U.S. Republican presidential nominee Donald Trump and running mate Mike Pence are greeted by supporters as they tour flood damage in Louisiana. Rough Cut (no reporter narration).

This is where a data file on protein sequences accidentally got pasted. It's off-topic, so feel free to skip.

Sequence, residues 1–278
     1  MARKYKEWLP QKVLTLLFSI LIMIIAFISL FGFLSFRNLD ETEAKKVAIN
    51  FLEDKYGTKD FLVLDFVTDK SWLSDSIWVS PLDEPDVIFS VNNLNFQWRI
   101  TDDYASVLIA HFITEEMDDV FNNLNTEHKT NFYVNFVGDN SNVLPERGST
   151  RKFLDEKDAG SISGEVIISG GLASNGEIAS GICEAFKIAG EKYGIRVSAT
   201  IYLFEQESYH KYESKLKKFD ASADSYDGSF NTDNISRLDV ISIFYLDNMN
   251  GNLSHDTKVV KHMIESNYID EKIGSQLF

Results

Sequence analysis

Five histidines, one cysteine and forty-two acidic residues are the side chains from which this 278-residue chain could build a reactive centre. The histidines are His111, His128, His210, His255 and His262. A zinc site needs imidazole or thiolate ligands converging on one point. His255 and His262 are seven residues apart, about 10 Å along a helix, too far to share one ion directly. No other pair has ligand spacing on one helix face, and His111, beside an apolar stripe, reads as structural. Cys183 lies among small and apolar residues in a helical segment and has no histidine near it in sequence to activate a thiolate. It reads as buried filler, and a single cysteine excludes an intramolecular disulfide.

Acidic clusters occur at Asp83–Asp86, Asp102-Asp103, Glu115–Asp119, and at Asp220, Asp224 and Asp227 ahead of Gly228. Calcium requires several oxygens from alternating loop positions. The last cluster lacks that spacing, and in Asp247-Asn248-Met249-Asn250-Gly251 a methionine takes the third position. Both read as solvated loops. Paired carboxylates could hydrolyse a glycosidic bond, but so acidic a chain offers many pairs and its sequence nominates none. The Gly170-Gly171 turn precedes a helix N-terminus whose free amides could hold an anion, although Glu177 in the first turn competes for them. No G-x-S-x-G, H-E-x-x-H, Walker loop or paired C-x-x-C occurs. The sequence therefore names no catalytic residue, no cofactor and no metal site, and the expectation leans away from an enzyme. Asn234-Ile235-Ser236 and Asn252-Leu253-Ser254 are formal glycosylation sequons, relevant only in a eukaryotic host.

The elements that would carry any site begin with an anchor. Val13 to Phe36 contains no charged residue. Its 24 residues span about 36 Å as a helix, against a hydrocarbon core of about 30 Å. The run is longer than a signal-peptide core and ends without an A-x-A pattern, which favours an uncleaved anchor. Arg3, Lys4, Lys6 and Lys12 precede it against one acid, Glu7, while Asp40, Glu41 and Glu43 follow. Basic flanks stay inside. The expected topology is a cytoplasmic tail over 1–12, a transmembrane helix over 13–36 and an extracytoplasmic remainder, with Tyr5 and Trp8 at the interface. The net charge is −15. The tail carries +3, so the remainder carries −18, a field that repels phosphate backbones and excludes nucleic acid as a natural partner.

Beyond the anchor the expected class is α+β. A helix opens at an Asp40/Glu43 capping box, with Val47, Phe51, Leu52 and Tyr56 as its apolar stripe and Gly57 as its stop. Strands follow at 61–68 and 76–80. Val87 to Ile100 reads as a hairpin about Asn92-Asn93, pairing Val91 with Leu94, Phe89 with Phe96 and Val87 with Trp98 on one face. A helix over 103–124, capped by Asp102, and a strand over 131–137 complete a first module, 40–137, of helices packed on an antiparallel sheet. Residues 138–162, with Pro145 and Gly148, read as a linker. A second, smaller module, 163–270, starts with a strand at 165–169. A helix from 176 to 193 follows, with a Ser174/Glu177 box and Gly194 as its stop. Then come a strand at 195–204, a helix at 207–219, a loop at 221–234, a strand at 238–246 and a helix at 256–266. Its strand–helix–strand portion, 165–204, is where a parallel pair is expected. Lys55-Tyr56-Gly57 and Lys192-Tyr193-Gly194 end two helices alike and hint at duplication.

ROUGH CUT (NO REPORTER NARRATION) U.S. Republican presidential candidate Donald Trump and his running mate arrived Baton Rouge on Friday to survey the damage after recent deadly floods in Louisiana, despite calls from the state's governor advising against any touring of the area. Democratic Louisiana Governor John Bel Edwards' office said Trump had not called to discuss plans to visit, but that the New York businessman was welcome to volunteer or make a sizable donation toward helping victims. "We welcome him to (Louisiana), but not for a photo op," the statement said. "Instead we hope he'll consider volunteering or making a sizable donation to the LA Flood Relief Fund to help the victims of this storm." Some 40,000 homes were damaged and at least 13 people died after a deluge of more than 2.5 feet of rain (0.76 meters), described as the worst U.S. storm since Superstorm Sandy in 2012. Hillary Clinton, Trump's Democratic rival in the Nov. 8 presidential election, said in a Twitter post earlier this week she was closely monitoring the situation and directed people to the Red Cross. Representatives for Trump's campaign, which canceled a roundtable discussion on immigration in New York to make the trip, did not immediately respond to a request for comment. Trump and running mate Indiana Governor Mike Pence were planning to meet with families in the flood-hit areas, according to Fox News. Television footage showed Pence and his wife speaking with officials after landing on the tarmac in Baton Rouge. Some people in the southern state have urged U.S. President Barack Obama to cut short a vacation in Martha's Vineyard in order to visit Louisiana and view the devastation. Obama's vacation is due to end on Sunday. Although waters have receded in many deluged areas, some areas around Lafayette, in the southwestern part of the state, are now experiencing major flooding as the water moves, according to the National Weather Service. Thousands of people must now contend with flood-hit homes, and many have lost almost everything they owned. About 4,000 people were in shelters, according to state officials. The Red Cross has said recovery efforts will cost at least $30 million.